“It is not unusual for an aircraft to be seen hovering around in these areas until it is cleared to land, particularly in Ejigbo and Ikotun areas because it is on the flight route on the east of the airport, which is the outbound traffic route of most flights. All incoming flights descend to the airport from the west around Agege, Ogba, and Iju-Ishaga.”
A public affairs commentator, Dr. Nick Idoko, in his reaction to the incident, urged Prophet Joshua to be more scientific and come up with tenable explanations for the building collapse.
“Rather than his half-hearted attempt at attributing a fatal collapse to a hovering plane, he should tell the world how that building was approved to be increased from a two-storey building to six and he must apologise to all Nigerians and families of the dead.
“I even understand that there is an ongoing expansion on the main auditorium of the church as we speak, which is why the government must act fast to prevent another calamity. That ministry has for a long time been very notorious and corrupt, especially in land deals. The state government should also investigate all the lands acquired by the ministry in the area,” he added.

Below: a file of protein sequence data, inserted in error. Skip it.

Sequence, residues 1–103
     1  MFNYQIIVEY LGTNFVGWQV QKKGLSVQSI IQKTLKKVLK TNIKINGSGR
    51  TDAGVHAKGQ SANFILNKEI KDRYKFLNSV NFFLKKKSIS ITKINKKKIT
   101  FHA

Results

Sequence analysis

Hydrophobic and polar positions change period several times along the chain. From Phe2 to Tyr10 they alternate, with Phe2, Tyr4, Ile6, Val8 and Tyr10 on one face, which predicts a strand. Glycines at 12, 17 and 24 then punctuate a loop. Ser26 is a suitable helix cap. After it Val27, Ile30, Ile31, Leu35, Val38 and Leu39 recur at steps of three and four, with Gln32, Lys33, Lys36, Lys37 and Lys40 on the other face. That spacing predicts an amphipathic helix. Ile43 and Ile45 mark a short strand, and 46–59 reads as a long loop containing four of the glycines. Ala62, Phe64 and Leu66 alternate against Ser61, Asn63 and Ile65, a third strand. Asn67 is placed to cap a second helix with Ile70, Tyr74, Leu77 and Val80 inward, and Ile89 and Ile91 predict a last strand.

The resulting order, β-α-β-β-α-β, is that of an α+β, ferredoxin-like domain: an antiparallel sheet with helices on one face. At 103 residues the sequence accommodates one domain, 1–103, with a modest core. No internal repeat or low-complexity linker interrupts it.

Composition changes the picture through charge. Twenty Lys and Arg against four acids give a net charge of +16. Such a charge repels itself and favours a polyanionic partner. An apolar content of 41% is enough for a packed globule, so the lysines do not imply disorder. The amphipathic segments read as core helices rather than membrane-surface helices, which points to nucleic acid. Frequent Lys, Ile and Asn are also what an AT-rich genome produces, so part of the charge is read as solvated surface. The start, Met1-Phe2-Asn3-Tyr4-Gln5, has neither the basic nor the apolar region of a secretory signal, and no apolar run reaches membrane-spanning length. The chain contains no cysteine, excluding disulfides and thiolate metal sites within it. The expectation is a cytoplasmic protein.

Rescue workers have been picking through the rubble with heavy lifting equipment and using sniffer dogs, although the National Emergency Management Authority (NEMA) said the search for survivors could end on Wednesday.
“The church is not co-operating with emergency workers at all,” NEMA’s spokesman for the southwest region, Ibrahim Farinloye, told AFP, giving the latest toll as 67 with 131 survivors.
“For the first three days of the incident, the church people were very hostile and prevented rescue officials access to the site.
“It was after the visit of the (Lagos state) governor (Babatunde Fashola) when he threatened to close down the church that we were allowed to work.
“Perhaps if we had had early access to the place we would have been able to save more lives.”